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What Jeff Bezos's Phone Hack Can Teach Us About Security

Jan 27, 2020 8:37:55 AM

United Nations experts called for an investigation after they received information indicating that a WhatsApp account belonging to Saudi Crown Prince Mohammed bin Salman had hacked Jeff Bezos’s (CEO of Amazon) phone through spyware.

The Investigation

On Wednesday, the UN released a statement on the matter, saying “the information we have received suggests the possible involvement of the Crown Prince in surveillance of Mr. Bezos, in an effort to influence, if not silence, The Washington Post's reporting on Saudi Arabia.”

Media outlets reported that Bezos had hired a forensics team to conduct an analysis, with the end result coming forward that Bezos's phone had been compromised from an account under bin Salman.

Saudi Arabia denied that it had anything to do with this breach. The Saudi embassy in Washington tweeted, “recent media reports that suggest the Kingdom is behind a hacking of Mr. Jeff Bezos’ phone are absurd. We call for an investigation on these claims so that we can have all the facts out.”

How the Hack Happened

It was on May 1, 2018 that the forensics team assessed that Bezos’ phone had been hacked via a video sent through WhatsApp. UN experts said a large amount of information was taken within hours, and continued undetected over a period of months, resulting in “more than 6 gigabytes of data stolen.”

The spyware product has been connected back to one used in other Saudi surveillance cases. While UN investigators are said not to have had direct physical access to Bezos’s phone, they hired an independent cyber security team, FTI Consulting, to conduct the research.

Why Was Bezos Targeted?

Bezos, while being well-known for his position as CEO of Amazon, also owns the newspaper Washington Post. A columnist, Jamal Khashoggi, had written several columns criticizing the repression in Saudi Arabia. He was assassinated in 2018 by agents of the Saudi government, and Bezos suggested a few months later through writing an online post that he had become an enemy of Saudi Arabia due to the Washington Post’s coverage of the murder.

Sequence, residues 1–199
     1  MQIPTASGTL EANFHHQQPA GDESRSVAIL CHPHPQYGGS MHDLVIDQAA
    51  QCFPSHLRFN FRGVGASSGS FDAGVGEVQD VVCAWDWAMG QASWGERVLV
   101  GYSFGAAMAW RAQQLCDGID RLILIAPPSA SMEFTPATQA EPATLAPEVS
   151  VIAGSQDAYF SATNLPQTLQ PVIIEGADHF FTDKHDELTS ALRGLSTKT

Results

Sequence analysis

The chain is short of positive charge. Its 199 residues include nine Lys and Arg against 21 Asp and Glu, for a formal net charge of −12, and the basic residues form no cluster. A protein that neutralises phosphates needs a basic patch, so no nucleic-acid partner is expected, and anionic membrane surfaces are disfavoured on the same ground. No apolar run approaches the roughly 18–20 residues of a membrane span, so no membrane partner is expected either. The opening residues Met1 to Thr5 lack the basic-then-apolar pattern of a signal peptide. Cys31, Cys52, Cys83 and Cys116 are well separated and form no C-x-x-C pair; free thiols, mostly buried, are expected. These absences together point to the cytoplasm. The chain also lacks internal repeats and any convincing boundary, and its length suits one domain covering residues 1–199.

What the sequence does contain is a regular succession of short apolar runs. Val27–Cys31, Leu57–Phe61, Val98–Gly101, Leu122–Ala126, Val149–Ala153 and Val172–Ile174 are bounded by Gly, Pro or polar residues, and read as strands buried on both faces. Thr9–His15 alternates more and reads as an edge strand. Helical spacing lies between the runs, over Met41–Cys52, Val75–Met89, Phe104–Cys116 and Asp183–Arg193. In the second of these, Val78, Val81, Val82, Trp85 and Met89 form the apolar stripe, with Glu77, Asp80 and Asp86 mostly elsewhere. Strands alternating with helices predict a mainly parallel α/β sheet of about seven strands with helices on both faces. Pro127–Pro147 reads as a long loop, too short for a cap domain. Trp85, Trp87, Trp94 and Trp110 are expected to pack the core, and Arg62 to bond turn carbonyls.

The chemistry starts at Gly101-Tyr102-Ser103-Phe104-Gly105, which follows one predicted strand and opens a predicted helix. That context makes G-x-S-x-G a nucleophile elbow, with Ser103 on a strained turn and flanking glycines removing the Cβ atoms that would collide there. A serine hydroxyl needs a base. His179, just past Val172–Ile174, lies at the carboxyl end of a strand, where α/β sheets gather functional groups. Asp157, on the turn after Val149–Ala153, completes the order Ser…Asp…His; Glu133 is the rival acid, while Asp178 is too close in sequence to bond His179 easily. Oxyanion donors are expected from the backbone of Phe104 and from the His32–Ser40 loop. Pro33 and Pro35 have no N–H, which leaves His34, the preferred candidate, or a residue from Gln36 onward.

In the news of the hack coming to public attention, Jeff Bezos declined to comment. His first post since the incident was tweeting a picture of himself attending a memorial service for Khashoggi.

What You Can Do to Protect Yourself

While cyber attacks are unlikely to happen to the every day person, business executives and high-ranking government officials are likely targets. James Lewis, senior VP and cybersecurity expert at the Center for Strategic and International Studies, said, “If you're a zillionaire who owns a newspaper, yeah, they're going to go after you. If you're a human rights activist, if you're a politician, if you're a senior official, you're a good target."

But even if you’re not an obvious target, it’s a good idea to encrypt your home network. This helps keep your devices safe from identity theft or hackers from gaining your personal info. Make sure to reach out to AvantGuard to find out more ways to stay secure in the changing world of technology.

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